While Kennedy and Khrushchev swap unblinking stares, Egleton’s entertaining spies double-deal with their usual elan (The Last Refuge, 2005, etc.).
Whether they’re KGB, CIA or, for that matter, well placed in Her Majesty’s Secret Intelligence Service, these tireless, talented spies are not to be taken at face value, as anyone who has ever ventured into Egleton’s murky world of secrets and lies can tell you. True, George Deakin is a bit of a special case, in that SIS knows he’s a double agent, working both sides of the U.K./USSR divide. What comes to puzzle SIS, however, is the manner of his death. Is it the accidental drowning it’s been made to seem? Or cold-blooded murder, having to do somehow with those Russian ships speeding toward Cuba and a scary confrontation with the United States? For once, Charles Winter, SIS honcho—his brain as icy as his surname—appears to be stymied. If it’s murder is it a bogus murder? That is, a murder calculated to get SIS looking the wrong way, chasing up the wrong garden path? If so, does it signify that the Soviets have seen under Deakin’s cloak to the hugger-muggery concealed therein? Or, even more sinister, do the Soviets want SIS to think they care about Deakin, the double agent, when actually they care much more deeply about something unrelated? A conundrum. Meanwhile, across the pond, American intelligence is trying desperately to get a fix on whether Khrushchev really means business. Suddenly super spy Vasili Korznikov defects from the USSR to the U.S., and now the only thing Winter can be sure of is that for Kennedy, Khrushchev, the SIS, the CIA and others, it’s a whole new bowl of borscht.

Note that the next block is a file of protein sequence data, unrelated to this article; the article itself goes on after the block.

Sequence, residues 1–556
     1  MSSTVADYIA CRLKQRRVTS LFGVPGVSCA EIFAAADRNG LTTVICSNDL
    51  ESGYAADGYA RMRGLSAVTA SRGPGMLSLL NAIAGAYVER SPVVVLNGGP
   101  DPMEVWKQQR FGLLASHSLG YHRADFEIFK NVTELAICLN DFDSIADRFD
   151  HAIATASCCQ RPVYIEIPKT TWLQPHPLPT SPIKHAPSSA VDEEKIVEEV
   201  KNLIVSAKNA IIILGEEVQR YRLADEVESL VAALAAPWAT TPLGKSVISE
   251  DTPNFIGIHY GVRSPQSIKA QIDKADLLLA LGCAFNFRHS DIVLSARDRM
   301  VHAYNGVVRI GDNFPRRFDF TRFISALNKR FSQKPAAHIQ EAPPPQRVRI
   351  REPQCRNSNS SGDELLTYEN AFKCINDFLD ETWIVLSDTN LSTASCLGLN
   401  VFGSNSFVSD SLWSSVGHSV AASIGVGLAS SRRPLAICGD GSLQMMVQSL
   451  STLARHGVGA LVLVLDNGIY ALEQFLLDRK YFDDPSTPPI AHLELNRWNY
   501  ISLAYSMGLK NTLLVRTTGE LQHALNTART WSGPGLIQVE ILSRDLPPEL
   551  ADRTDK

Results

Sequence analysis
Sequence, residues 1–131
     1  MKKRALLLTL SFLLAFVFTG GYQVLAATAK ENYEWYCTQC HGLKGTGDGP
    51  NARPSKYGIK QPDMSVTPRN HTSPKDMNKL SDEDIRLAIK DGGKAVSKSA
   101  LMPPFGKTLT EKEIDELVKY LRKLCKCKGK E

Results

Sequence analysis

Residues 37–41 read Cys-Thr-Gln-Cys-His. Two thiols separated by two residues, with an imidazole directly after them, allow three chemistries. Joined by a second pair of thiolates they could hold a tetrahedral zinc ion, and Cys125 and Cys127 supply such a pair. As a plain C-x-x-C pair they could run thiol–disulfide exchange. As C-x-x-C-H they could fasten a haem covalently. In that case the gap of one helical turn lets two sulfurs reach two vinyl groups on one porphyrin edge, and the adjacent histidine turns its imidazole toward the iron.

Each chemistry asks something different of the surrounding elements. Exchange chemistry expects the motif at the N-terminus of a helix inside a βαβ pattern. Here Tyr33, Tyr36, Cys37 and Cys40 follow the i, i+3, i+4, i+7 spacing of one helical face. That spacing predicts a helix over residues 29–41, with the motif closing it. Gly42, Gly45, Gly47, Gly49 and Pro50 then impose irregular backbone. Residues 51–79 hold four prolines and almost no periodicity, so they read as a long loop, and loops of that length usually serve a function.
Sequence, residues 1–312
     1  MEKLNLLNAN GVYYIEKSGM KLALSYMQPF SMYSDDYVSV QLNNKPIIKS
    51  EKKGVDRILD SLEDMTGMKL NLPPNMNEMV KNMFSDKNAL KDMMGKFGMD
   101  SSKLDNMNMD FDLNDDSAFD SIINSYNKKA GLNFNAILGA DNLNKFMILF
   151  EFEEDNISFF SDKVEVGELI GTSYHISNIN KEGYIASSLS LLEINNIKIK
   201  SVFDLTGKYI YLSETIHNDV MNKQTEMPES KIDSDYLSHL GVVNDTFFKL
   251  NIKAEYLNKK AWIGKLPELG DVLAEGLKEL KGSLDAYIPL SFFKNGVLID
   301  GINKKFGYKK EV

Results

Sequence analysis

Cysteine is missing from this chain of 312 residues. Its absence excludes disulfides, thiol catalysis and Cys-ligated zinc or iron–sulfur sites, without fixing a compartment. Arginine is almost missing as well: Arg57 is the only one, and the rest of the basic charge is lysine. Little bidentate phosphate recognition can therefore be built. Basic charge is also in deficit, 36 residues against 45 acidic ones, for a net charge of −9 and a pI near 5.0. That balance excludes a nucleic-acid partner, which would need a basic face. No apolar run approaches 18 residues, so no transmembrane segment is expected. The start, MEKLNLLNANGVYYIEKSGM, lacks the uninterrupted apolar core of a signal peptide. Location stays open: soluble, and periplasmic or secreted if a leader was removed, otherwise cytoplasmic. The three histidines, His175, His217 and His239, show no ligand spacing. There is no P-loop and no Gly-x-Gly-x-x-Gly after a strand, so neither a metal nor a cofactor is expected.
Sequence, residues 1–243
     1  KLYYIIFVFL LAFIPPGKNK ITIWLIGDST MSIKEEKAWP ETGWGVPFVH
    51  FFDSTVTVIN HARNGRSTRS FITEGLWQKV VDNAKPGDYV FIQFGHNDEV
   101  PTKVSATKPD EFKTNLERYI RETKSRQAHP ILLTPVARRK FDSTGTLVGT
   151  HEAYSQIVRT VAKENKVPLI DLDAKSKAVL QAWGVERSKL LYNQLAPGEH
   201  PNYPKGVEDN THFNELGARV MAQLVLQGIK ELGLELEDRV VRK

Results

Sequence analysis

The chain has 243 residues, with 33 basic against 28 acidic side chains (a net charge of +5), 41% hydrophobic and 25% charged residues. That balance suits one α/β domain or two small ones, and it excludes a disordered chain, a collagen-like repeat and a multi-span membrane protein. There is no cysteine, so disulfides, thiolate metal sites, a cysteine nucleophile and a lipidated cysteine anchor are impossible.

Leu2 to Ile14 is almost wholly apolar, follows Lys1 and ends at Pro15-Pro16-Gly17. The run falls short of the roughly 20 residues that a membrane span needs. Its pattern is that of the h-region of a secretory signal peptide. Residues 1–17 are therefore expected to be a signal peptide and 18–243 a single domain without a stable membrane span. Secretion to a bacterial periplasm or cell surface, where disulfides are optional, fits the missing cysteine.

Labyrinthean as always, but only a handful of thriller-meisters can make spy-craft so readable.